Hard to believe its been over a year since I released an update to Scratch.  This update is kind of a sea change for the program, see the notes below.  On another note, this is the last release I am going to issue; I use it every day, and it hasn’t been an active development project for a while.  I might post a short screencast describing how to use it.  I hope you get as much use out of it as I have.  And be forewarned, I’ve got some really cool stuff I’ve been working on.

Usage:

Note: the ` symbol is a backtick (next to the 1 key)

  • command: ` – toggle between scratchpad layer and the current layer
  • command: e` – erase scratchpad (menu)
    • option: a – erase everything in scratchpad layer
    • option: p – preview all objects in scratchpad layer
    • option: s – erase only selected objects in scratchpad layer
  • command: m` – move selected objects to the scratchpad layer
  • command: 1` – jumps to previous layer

Release notes:

  • consolidated scratch into one file
  • changed CST command to `
  • changed EST command to e`
  • added options to the erase constructions (e`) command
  • added move object(s) to scratch layer command (x`)
  • general bugfixes
  • general performance refinements and code slimming

I’ve decided to do away with the scenic-shop wiki.  I’ve little patience for cleaning up the spam and junk that kept accumulating.  It was quite the failed experiment in any case; I’m both disappointed and frustrated with the outcome.  This makes two failed attempts at starting up an open forum for technical theatre solutions.  Why the failure?  1) Perhaps writing for a wiki format is too challenging or takes too long; though I would describe very few of the successful stagehands I know as slow – so that’s probably not the reason.  2) Perhaps folks don’t want to publish technical solutions without a byline to claim credit.  3) Maybe we’re much more secretive and feudal than I thought.  4) Maybe our free time should be spent drinking beer and eating nachos.  Whatever the reason, there’s still the stagecraft mailing list, yale tech shorts (see what I did there?), Google Groups and the Technical Director’s forum.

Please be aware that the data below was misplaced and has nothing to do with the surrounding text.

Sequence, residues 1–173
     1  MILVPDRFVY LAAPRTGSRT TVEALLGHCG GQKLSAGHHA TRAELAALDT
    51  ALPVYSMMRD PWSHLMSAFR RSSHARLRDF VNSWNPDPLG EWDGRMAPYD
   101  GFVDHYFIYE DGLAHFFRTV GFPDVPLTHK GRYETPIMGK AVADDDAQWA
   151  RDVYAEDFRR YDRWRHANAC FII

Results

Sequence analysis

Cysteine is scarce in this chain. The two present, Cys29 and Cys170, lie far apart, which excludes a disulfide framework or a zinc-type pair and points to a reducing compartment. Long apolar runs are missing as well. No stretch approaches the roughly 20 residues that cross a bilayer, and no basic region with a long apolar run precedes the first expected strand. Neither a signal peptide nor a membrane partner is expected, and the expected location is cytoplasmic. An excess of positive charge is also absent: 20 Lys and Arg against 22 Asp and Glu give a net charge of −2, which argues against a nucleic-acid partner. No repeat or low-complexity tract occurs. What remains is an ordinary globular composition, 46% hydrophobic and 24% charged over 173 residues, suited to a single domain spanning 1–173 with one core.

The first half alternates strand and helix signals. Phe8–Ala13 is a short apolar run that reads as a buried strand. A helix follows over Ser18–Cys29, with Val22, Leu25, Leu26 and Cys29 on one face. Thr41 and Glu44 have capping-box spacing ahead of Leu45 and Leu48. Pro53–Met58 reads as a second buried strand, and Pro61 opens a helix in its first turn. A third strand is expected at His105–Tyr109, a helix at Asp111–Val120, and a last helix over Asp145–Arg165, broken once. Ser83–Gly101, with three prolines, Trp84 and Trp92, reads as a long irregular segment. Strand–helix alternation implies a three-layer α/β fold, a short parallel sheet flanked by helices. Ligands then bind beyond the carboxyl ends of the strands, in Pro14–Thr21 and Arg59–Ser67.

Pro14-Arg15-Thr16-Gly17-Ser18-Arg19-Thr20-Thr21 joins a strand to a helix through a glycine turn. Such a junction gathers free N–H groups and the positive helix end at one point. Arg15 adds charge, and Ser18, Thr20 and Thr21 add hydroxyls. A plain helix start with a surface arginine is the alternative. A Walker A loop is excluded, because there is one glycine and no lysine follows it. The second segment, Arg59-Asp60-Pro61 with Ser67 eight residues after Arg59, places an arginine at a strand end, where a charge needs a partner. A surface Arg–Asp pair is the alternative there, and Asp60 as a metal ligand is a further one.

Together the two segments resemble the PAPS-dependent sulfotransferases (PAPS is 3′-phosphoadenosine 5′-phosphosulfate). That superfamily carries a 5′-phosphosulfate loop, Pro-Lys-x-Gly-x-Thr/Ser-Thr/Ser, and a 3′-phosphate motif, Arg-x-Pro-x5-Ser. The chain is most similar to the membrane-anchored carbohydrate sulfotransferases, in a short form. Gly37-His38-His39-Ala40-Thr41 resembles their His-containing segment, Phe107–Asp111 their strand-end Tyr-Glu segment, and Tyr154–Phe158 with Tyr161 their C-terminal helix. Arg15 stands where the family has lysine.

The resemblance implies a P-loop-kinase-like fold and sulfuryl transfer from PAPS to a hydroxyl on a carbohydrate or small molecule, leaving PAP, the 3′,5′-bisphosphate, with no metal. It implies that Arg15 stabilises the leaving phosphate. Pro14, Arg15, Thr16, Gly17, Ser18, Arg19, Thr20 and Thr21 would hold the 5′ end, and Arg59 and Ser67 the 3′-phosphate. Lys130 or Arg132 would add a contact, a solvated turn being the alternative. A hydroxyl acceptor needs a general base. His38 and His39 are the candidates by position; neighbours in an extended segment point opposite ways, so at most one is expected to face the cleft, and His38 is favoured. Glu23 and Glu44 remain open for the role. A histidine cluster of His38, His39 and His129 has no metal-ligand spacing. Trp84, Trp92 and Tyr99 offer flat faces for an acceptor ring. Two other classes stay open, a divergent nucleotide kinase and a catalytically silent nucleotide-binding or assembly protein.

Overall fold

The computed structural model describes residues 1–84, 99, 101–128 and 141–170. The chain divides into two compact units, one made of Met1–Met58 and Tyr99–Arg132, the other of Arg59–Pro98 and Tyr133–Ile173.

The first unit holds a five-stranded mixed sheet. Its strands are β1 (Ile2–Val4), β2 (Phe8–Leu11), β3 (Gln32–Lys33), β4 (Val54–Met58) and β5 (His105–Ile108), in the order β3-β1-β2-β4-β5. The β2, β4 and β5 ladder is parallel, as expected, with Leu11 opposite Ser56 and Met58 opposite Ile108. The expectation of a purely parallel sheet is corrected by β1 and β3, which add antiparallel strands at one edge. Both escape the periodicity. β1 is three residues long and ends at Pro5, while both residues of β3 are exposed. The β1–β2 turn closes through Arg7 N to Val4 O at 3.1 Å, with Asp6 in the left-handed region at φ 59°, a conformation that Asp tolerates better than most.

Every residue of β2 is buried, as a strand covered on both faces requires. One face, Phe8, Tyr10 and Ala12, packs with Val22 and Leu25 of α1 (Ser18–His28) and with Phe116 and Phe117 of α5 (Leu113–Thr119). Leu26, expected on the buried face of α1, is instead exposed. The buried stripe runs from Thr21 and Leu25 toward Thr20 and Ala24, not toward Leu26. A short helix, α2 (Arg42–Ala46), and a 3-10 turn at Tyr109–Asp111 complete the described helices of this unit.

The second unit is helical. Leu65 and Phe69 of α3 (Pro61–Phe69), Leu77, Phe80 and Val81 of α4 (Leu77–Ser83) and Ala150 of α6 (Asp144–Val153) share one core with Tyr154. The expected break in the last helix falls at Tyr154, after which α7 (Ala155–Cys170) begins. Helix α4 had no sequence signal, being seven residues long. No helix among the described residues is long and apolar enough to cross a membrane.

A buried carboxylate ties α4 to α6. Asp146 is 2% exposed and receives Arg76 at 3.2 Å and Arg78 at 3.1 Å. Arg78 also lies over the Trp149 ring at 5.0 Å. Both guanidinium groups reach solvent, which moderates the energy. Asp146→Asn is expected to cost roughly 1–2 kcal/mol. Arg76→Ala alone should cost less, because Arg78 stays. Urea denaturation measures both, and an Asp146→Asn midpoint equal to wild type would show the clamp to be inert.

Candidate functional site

I hope I don’t sound bitter, that’s not what I’m going for at all.  I’m still convinced that there’s a way to implement a community driven reference site, I just don’t know what shape it will take.

Peace out.